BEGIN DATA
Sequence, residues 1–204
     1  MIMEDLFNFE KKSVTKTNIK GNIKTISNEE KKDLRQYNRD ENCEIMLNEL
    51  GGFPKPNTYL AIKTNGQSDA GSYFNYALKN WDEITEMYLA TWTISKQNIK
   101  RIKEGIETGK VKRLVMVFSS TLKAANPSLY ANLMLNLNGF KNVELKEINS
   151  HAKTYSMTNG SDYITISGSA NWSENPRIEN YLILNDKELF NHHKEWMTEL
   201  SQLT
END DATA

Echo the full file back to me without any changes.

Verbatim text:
Sequence, residues 1–204
     1  MIMEDLFNFE KKSVTKTNIK GNIKTISNEE KKDLRQYNRD ENCEIMLNEL
    51  GGFPKPNTYL AIKTNGQSDA GSYFNYALKN WDEITEMYLA TWTISKQNIK
   101  RIKEGIETGK VKRLVMVFSS TLKAANPSLY ANLMLNLNGF KNVELKEINS
   151  HAKTYSMTNG SDYITISGSA NWSENPRIEN YLILNDKELF NHHKEWMTEL
   201  SQLT